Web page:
Demand for cigarettes is very price inelastic. An increase in excise duties leads to nearly all the tax being passed onto the consumer.

For example, the UK has increased tax on tobacco, and this is reflected in a higher price of cigarettes.

National insurance contributions

In the case of a tax on labour, the incidence of the tax could be borne by the employer and employee. If the employee has to pay N.I. contributions on employing labour, they may, at least partly, cut wages to be able to pay for the tax. It depends on how inelastic demand for the workers is. If workers are easily replaceable by capital, the firm will be able to cut wages to pay the tax. But, if workers are essential, the firm will be more likely to pay the cost of the tax and not cut wages.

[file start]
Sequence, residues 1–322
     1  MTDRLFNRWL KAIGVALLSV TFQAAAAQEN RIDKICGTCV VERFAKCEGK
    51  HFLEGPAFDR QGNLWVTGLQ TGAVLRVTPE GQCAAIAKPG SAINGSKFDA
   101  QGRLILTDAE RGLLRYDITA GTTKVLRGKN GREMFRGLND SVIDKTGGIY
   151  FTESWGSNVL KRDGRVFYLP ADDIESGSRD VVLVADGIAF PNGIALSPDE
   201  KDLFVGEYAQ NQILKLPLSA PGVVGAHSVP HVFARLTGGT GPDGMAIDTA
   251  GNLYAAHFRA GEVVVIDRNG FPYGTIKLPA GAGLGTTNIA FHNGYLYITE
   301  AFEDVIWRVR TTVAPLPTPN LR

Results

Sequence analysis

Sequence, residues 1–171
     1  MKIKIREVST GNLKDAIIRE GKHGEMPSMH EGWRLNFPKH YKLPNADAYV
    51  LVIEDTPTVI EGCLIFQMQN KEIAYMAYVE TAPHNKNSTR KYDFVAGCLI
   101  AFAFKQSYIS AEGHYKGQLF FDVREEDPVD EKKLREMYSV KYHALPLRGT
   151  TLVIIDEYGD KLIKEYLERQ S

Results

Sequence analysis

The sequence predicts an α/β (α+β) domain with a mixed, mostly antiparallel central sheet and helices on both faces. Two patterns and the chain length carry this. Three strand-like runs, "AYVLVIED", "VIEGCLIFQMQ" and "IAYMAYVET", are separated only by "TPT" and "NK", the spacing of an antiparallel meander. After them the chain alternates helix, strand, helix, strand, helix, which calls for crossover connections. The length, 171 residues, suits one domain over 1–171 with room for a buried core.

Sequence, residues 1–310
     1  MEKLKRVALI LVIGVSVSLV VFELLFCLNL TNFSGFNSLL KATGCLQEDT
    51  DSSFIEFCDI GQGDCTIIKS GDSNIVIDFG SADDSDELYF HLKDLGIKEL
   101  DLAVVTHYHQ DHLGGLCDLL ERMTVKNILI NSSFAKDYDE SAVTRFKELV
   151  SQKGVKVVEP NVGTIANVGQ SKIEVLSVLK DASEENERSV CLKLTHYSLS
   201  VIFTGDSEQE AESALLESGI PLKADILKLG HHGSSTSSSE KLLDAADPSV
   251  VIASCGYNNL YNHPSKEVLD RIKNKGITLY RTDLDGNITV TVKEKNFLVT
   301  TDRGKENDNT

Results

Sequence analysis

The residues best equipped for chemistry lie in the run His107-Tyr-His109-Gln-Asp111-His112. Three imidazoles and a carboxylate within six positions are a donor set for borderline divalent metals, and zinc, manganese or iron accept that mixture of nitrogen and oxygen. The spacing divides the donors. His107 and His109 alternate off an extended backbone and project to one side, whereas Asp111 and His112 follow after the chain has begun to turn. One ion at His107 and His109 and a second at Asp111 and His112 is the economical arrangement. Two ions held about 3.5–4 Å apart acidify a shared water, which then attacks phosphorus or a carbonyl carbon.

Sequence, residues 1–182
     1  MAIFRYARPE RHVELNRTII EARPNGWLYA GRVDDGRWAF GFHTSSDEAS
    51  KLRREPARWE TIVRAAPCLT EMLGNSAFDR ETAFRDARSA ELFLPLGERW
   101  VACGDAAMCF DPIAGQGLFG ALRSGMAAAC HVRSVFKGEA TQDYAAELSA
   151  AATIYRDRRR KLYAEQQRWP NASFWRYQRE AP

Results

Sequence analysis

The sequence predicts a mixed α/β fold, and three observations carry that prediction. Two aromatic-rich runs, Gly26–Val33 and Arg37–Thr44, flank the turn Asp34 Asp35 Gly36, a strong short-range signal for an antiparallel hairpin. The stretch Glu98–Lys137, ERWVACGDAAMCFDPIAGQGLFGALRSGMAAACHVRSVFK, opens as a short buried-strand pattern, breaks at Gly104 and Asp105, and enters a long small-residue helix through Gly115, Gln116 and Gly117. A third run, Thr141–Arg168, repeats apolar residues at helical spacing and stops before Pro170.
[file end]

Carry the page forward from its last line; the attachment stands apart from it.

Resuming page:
Related pages

### 8 thoughts on “Tax incidence”

1. ELASTIC DEMAND _A producer pays the tax burden
INELASTIC DEMAND_ A consumer pays the tax burded

2. I want the importance of tax incidence

3. Please solve the taxation, saving, investment.

4. Sorry, but your logic behind this is completely wrong.

The assumption that clients pay taxes is wrong.

For starters, it’s simply not factual:

ALL taxes are paid by the producers / sellers of goods and services.

When you are a consumer, you do not wire the money for sales taxes or a VAT to the government.

The consumer simply pays a specific amount the seller asks for and it is up to the seller to allocate his income to the different uses, including taxes, and that includes income taxes, corporate taxes, employment taxes, social security taxes etc.

Of course ALL taxes increase the cost of every transaction, but at no point does a consumer “pay” those taxes. It’s always the producer who pays. The consumer merely experiences an overall price increase, although it would be impossible for him to pinpoint the exact tax that causes this.